The fight against corruption may falter while the country deals with the Covid-19 pandemic, as a budget cut of R1.7 billion is being “bandied about” for the already perennially cash-strapped justice sector, and it could potentially cripple key corruption-busting institutions.
This is the picture that emerged after the Department of Justice and its entities – notably the corruption fighters, the Special Investigations Unit (SIU), National Prosecuting Authority (NPA) and the public protector – appeared before the Portfolio Committee on Justice over the past month to present their annual performance plans and budgets.
Acting director-general of the department of justice JB Skosana told the committee on Friday a figure of R1.7 billion is being “bandied about” as a budget cut for an adjusted budget to finance the government’s response to the Covid-19 pandemic.
He added that he hoped by March next year Covid-19 would be something of the past, to avoid “the pain of a R1.9 billion budget cut”.
“If we thought that pre-Covid things were challenging enough, well, it just got exponentially worse,” National Director of Public Prosecutions Shamila Batohi remarked at the same meeting.
The Department of Justice already faces a shortfall of R154 million on its initial budget, due to unexpected Covid-19-related expenses.
According to the department’s presentation to the committee, the budget cut can have the following effects:
- Not filling key positions, such as prosecutors, court interpreters, maintenance officers, estate administrators and administrative staff providing corporate services, such as finance, human resources and IT;
- Compromised level of security provisioning in courts and department buildings;
- A sluggish eradication of backlog cases; and
- Increased threats to witnesses due to the reduction of protection services.
The department further expects a budget cut to hinder Legal Aid SA’s ability provide legal representation for the indigent and vulnerable citizens, negatively impact the SIU’s performance, the response to fraud and corruption in the state, and to render the Public Protector unable to meet contractual obligations and service delivery targets.
In fact, when Public Protector Busisiwe Mkhwebane appeared before the committee earlier this month, she asked for an increase on the initial budget.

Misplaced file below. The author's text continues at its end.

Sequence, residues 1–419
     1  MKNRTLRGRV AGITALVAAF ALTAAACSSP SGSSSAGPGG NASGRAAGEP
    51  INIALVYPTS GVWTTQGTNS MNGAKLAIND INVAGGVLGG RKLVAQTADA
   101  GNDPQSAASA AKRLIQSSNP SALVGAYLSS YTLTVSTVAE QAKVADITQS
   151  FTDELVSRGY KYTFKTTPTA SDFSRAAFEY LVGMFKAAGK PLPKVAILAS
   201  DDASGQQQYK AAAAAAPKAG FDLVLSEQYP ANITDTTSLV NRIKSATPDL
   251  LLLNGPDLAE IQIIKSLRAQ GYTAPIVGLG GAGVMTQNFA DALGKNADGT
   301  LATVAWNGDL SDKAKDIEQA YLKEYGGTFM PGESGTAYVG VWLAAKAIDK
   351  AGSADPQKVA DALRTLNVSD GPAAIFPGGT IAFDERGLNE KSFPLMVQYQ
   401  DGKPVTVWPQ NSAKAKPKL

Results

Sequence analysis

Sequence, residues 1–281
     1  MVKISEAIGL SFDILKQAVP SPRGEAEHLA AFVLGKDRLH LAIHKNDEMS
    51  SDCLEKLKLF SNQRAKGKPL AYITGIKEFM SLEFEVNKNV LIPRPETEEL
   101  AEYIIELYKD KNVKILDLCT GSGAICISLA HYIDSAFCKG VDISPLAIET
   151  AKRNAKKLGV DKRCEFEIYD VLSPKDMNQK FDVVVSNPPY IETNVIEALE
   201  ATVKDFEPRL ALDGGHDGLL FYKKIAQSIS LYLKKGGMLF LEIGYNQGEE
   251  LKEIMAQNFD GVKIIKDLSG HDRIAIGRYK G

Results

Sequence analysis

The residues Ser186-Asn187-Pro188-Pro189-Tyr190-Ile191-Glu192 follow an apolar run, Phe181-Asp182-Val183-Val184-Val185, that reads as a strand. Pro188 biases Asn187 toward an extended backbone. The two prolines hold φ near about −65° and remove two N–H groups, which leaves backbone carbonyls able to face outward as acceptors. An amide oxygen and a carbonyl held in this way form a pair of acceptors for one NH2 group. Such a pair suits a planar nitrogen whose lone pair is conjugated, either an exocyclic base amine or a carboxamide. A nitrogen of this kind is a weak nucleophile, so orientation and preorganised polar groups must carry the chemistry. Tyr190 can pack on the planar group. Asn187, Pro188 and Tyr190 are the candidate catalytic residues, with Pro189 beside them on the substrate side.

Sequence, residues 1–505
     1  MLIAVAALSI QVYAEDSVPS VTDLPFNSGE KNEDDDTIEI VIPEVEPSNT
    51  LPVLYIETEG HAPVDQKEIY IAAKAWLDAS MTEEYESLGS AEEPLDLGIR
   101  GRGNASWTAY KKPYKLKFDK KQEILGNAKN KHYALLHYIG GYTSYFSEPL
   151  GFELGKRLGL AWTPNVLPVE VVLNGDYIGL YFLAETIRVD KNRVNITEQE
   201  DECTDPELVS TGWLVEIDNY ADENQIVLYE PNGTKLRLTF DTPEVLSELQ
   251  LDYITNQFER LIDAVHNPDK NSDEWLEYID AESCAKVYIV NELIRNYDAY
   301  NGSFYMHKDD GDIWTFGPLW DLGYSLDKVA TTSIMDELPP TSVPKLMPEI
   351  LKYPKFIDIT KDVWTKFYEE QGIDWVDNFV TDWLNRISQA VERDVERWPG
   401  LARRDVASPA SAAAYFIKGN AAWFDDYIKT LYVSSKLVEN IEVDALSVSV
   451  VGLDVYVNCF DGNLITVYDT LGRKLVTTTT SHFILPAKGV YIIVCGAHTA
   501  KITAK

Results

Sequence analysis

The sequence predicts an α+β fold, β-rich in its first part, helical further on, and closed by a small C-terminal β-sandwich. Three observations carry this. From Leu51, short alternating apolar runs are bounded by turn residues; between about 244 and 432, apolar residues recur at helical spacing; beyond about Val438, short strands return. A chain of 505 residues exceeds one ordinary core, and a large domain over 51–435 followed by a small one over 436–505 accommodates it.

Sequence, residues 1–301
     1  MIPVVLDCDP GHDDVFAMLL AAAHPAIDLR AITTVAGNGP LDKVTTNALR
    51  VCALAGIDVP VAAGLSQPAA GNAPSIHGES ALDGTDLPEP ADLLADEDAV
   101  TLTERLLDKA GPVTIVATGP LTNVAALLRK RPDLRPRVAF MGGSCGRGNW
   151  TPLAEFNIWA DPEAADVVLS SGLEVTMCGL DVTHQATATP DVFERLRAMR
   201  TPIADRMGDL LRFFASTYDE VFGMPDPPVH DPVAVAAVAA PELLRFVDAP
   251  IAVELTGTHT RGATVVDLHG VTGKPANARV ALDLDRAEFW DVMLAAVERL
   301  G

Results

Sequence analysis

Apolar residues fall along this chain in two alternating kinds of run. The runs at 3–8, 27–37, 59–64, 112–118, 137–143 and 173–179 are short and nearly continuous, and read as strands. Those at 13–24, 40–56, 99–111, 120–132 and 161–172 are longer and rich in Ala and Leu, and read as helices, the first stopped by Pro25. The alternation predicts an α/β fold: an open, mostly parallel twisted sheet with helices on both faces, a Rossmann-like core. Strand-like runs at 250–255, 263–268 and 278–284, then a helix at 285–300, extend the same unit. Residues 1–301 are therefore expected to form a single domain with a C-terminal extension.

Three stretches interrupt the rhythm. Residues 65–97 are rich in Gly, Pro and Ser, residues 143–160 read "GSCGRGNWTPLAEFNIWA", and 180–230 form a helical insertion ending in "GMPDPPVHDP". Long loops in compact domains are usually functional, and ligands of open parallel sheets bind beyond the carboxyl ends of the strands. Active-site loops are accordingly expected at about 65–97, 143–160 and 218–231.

Acting chief financial officer Tshiamo Senosi said the National Treasury had asked the public protector to cut 17% of its 2020/2021 budget, adding this would amount to about R57.6 million.
He said the public protector would not be able to implement its targets for the 2020/2021 financial year if the budget was cut, adding it was not in a position to absorb any budget cuts and this had been communicated to the Treasury.
The public protector instead requested additional funding for the next three financial years – R53 million for 2020/2021, R41 million for 2021/2022, and R50.5 million for 2022/2023.
Civil society organisation Corruption Watch expressed its deep concern that budgets could lead to reduced funding for the SIU and NPA.
“We know that during the era of state capture, the NPA, in particular, lost significant skills when it came to its ability to conduct complex prosecutions involving allegations of corruption,” said Karam Jeet Singh, head of legal and investigations at Corruption Watch.
“Part of the battle against corruption is the re-establishment of political will to ensure that those accountable for state capture are held accountable, and that our institutions are re-capacitated such that, in future, they can withstand political pressure.”
Singh said re-establishing strong independent state institutions is seriously hampered by these kinds of budget cuts.
“Reversing the era of state capture will be seriously hampered if adequate funding to investigate and prosecute corruption is not provided.”
He said they understood the NPA and its Investigative Directorate, established to pursue corruption matters, already faced resource and skills challenges prior to this pending budget cut.
Indeed, when Batohi appeared before the committee last year, she listed among the NPA’s internal challenges “severe budgetary limitations”, which had led to high vacancy rates, low staff morale as well as limited professional development and training.
Additional funding to fill prosecutors’ posts was found, and the NPA went on a massive recruitment drive, but not all these posts have been filled.
“The NPA is in dire need of this funding,” Batohi told the committee last week.
She said the NPA is “no way near full capacity” to fulfil its mandate.
When parliament went through the budgetary process last year, the SIU also raised the unsustainability of its funding model, and concerns about the size of the public protector’s funding have been raised from the time of Mkhwebane’s predecessor, Thuli Madonsela.
The year before, MPs from both sides of the aisle expressed concern about budget cuts for the justice department when it was debated in May 2018.